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Last Reviewed on June 19, 2019, by eNotes Editorial. Word Count: 336

"The Last Class" has two major characters: the main character, Franz, and Franz's school-master, Monsieur Hamel, who has been teaching French at Franz's school for 40 years. The story has a few other very minor characters, including the blacksmith who tells Franz "it is not safe. Run along quickly to school” and the old soldier who stands silently at the back of Franz's class until he reads out from a spelling book near the end of the story.

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Franz is a schoolboy who dislikes learning French, but other than that, the author doesn't directly give the reader much detail about him. He seems to mostly use him in the story to show the reader the potential effects of a premature end of childhood. How will such a young boy cope with the impending German occupation?

At the beginning of the story Franz feels "a great dread of being scolded" by Monsieur Hamel, and by the end he feels a sadness that he finds difficult to put into words beyond expressing sympathy for his school-teacher. In fact he shows a lot more maturity when he thinks "It was breaking the heart of the school-master to leave all these things" than only a half an hour or so earlier when he stood in front of the class "his heart trembling, not daring to raise his head." The author seems to be suggesting that, given the opportunity, children have the ability to understand complex emotions and display profound empathy.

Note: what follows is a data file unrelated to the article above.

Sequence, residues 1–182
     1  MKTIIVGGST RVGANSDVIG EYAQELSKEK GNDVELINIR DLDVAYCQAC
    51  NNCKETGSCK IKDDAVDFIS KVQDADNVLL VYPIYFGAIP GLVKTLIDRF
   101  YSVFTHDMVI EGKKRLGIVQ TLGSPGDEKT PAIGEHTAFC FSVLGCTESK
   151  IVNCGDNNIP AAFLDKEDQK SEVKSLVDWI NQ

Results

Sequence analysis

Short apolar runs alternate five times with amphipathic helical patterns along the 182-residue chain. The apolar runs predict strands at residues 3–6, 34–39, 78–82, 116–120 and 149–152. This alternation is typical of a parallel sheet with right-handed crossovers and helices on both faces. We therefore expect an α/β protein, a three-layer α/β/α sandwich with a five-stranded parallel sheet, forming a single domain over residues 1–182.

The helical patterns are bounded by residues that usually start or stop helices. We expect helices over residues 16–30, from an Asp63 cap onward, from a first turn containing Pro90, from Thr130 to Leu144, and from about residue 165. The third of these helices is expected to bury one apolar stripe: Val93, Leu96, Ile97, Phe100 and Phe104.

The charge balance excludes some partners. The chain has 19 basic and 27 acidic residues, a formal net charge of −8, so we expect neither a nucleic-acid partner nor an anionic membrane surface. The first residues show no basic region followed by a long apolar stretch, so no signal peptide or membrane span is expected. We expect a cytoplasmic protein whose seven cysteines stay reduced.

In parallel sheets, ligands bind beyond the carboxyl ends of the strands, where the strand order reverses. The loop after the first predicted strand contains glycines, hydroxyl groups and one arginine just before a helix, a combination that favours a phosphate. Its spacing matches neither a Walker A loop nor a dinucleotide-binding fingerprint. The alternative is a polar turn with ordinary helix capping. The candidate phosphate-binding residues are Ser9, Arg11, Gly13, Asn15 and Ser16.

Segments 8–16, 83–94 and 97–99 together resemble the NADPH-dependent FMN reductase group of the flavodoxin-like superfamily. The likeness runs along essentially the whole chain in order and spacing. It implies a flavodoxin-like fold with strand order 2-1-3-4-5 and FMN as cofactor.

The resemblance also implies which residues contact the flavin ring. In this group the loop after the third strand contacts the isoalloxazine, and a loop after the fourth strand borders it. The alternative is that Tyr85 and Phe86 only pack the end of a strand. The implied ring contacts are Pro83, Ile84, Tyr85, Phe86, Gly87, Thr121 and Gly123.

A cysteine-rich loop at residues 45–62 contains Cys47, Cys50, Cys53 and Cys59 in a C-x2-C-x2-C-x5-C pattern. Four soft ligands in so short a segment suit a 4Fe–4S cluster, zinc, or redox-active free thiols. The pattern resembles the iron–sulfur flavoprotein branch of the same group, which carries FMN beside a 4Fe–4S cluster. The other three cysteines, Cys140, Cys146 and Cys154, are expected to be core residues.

Seen through Franz's eyes, the reader can't help, but feel empathy for the school-master. He obviously cares deeply about his students and deeply about the French language, which he calls "the most beautiful language in the world." Stripped of his usual sternness, Fran states that the school-master "never had he seemed so great to the children."

By the end of the story, Monsieur Hamel is so choked with emotion that he can't get the words out to say goodbye. All he can do is write "Vive la France" on the board.

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